I’m a fan of Weegee who was a photojournalist of sorts around the 1930’s in NYC, and thought it’d be interesting to be a crime scene photographer. I heard somewhere that, since the recession, that the people handling the photography at the crime scenes would be taking over other responsibilities like finger printing the corpses. I dunno about that. In that case, I might just open up a nice neighborhoodie brunch spot.

What is your evil twin like?

A filmmaker struggling to bring his amazing rom-com into the world, and is a total narcissist while doing it. And he hates Aplets & Cotlets (the bastard).

What is your favorite thing that you own?

My coffee pot. It’s the most honest answer. My morning coffee is like my grown-up blanky.

What’s your favorite hobby?

I’m kind of in between hobbies. It used to be snowboarding, but lately I’ve been looking to slip into the world of wood smoke barbecuing. I can spend days working on digital images, editing, and coding on my computer, and I need to have something that allows me to decompress and calm all the visual and mental noise. I’m a total carnivore and an early riser, so it seems like a good fit.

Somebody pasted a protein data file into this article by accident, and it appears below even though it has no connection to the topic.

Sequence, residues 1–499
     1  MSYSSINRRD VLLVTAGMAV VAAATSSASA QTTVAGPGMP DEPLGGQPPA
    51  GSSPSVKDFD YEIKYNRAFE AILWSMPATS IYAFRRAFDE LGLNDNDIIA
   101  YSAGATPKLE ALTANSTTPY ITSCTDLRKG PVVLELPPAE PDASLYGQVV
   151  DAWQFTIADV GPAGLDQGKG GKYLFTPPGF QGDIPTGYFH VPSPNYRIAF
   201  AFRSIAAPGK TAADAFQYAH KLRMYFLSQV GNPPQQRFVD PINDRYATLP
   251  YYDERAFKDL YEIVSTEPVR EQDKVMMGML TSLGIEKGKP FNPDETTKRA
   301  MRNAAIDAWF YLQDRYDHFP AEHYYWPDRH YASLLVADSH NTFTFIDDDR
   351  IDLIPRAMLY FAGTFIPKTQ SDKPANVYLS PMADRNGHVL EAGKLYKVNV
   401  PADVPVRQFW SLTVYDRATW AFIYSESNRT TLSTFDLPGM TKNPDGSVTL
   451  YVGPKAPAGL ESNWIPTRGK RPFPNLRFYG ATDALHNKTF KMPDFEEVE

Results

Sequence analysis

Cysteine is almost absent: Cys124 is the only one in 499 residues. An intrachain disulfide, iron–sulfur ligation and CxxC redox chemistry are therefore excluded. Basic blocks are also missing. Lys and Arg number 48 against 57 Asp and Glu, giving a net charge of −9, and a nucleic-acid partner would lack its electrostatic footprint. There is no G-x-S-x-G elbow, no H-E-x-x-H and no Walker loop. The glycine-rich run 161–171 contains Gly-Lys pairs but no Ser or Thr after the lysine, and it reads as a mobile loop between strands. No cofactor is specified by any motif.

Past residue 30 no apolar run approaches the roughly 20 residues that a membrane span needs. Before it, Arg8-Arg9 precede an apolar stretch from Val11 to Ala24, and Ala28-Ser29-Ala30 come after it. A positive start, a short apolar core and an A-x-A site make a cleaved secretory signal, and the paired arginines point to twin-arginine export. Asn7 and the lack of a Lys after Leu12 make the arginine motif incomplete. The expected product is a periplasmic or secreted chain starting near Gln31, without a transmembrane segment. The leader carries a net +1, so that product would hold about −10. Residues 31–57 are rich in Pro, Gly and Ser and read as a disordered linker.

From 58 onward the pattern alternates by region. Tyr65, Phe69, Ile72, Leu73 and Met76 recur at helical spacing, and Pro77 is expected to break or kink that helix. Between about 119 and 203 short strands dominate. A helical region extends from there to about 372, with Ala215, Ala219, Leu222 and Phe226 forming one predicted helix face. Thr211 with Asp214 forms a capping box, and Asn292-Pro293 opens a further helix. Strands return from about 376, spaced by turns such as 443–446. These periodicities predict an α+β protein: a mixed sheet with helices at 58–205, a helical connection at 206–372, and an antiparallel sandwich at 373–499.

What’s your favorite movie?

No Country for Old Men. That’s a painful question just to pick from the Coen library, let alone any movie ever.

What gives you confidence?

My community. Seattle is full of, not only talented, but gracious and fun filmmakers and film crew. They’re just a good bunch of people up in the Northwest. Excellent place to make and experience film.

What’s your favorite book?

Where the Sidewalk Ends. I’ve never been a huge reader, but I feel that when I read it as a kid, it created in my kid brain a desire to seek out other quirky and interesting things. My family was very religious at the time and being exposed to Shel Silverstein was one of my first glimpses into a world that didn’t have to seem so sterile and well behaved.

Who’s your biggest role model?

I wouldn’t say that I have one that I’m always looking to. Lately, my role model is Forrest Fenn. This lovely man hid a treasure, believed to be somewhere around New Mexico, worth over 2 million dollars, then wrote a book and a poem littered with hints on it’s whereabouts, and he can wait to have someone find it.  I hope at my old age to be able to do something like that. The world is a better place with him in it.

What’s the most important thing for new filmmakers to keep in mind?